Output in the construction industry has declined overall with housing work down 0.2% in February.
However within the overall decline, private housing work which represents the bulk of housing work increased a huge 10.6% year on year, with a corresponding 3.9% increase from January according to the Office for National Statistics.
Public sector housing has decreased, down 2.1% month to month, and -18.6% year on year, despite central government pledges to directly commission work.
Comparing the 3 months, December 2015 to February 2016, with the previous 3 months, September 2015 to November 2015, construction output increased by 1.5%. All new work increased by 2.5% while there was a fall of 0.3% in repair and maintenance.
The increase in growth in construction output associated with new private housing activity is consistent with a rise in mortgage approvals for house purchases. According to the Bank of England’s Inflation Report there has been an increase in mortgage approvals for home purchases to around 74,000 a month on average in Quarter 1 (Jan to Mar) 2016, and much of this growth is coming from the buy-to-let sector.
According to the ONS this could be partly due to the pre-announcement of the change in stamp duty which may have encouraged individuals to bring forward housing transactions. The RICS construction market survey is also consistent with the increase in new private housing activity, showing that in Quarter 4 (Oct to Dec) 2015 private housing sector continued to drive growth.
Andrew Bridges, managing director of Stirling Ackroyd said: “Housing is the hero of the construction industry today – leading the latest charge. And housing holds all the urgency and intensity behind any hero. People need homes. But the latest surge is also inevitably flawed. New housing work could be galloping, as the ranks of renters and buyers swell every single month. But the doubts of planners are enforcing a dull and self-defeating march.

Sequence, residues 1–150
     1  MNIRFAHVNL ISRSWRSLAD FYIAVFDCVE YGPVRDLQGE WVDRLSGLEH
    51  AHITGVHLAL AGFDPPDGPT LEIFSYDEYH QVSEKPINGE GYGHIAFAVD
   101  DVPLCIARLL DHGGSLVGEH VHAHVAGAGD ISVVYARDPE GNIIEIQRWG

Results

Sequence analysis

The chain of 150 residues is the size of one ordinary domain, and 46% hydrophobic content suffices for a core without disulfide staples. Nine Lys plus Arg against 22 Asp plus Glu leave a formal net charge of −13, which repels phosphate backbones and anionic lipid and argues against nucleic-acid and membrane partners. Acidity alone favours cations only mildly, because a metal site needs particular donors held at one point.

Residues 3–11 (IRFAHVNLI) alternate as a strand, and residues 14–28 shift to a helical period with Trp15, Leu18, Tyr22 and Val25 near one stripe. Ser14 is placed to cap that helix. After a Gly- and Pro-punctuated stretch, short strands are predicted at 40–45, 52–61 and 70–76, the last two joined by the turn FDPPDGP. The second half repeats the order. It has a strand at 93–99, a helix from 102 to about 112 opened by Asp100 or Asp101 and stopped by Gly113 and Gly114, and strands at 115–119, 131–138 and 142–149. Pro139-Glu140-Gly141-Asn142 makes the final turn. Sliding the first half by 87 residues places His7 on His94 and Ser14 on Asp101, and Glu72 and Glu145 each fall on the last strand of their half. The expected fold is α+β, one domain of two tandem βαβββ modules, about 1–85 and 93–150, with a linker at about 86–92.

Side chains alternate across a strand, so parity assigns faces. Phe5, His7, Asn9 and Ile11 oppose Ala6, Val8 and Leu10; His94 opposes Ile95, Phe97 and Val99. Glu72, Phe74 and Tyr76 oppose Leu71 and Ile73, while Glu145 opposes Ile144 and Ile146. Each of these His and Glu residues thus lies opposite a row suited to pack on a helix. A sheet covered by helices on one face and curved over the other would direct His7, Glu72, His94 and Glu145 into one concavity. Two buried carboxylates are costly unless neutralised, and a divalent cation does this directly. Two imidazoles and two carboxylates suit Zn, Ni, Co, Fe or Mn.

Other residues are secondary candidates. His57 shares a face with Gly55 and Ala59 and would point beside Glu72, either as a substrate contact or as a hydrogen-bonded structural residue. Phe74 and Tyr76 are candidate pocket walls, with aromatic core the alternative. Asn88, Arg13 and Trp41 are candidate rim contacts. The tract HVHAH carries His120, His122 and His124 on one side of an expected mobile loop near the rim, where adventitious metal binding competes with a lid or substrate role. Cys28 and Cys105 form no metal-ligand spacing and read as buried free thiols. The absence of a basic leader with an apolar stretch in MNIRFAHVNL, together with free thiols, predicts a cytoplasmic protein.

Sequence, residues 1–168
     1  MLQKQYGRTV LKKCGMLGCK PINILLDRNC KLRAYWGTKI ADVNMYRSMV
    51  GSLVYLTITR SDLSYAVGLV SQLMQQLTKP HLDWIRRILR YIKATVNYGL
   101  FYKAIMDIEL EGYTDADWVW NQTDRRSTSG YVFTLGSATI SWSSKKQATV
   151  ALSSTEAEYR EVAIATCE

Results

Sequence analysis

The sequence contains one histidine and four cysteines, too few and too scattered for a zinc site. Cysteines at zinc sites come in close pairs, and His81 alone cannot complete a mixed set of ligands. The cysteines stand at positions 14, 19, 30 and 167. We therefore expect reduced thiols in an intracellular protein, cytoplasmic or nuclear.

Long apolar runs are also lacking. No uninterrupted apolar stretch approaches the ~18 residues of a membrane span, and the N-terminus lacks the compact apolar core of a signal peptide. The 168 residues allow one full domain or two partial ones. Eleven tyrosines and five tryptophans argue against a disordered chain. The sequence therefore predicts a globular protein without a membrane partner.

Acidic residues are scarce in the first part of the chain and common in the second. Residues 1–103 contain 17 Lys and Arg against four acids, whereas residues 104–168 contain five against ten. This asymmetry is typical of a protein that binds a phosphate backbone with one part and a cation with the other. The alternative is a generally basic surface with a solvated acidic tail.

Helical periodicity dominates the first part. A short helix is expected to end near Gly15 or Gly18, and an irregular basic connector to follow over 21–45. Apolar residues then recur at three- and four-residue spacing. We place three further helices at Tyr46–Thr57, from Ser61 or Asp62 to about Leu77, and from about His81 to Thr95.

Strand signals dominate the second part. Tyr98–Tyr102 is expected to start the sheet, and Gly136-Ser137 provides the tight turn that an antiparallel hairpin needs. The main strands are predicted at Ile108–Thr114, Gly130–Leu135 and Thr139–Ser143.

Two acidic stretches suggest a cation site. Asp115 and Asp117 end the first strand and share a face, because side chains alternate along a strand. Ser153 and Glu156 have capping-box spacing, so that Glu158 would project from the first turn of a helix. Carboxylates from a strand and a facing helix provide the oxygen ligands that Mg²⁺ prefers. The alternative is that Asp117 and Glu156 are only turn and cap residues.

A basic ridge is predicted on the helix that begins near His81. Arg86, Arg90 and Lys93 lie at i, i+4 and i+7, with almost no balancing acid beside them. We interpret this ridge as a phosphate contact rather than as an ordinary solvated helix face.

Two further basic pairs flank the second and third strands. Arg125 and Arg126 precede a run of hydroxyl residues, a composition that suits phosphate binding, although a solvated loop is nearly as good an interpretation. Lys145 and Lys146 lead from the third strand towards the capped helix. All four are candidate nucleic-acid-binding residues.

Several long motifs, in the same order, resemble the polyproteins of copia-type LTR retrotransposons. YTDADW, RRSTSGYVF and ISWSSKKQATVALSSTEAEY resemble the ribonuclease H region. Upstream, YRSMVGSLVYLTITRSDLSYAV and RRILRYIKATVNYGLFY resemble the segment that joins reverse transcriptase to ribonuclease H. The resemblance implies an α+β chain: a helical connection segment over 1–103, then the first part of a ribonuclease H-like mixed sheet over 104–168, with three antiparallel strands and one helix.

“London is the desperate heart of the nation’s construction struggle. It’s the most promising development prospect – with capacity to build and booming demand. New homes are needed now more than ever. But planning departments in London are still proving a major obstacle. The final quarter of 2015 saw just 7,240 new homes granted approval in the capital – well behind the levels needed to house a soaring population.
“Londoners want to be able to live in London and this should be fuelling growth in the construction industry. But until borough planning departments begin to approve more homes and allow developers to get building, all these plans are on pause. We need true leadership from the next mayor – to get the scaffolds up, permissions granted and people in homes.”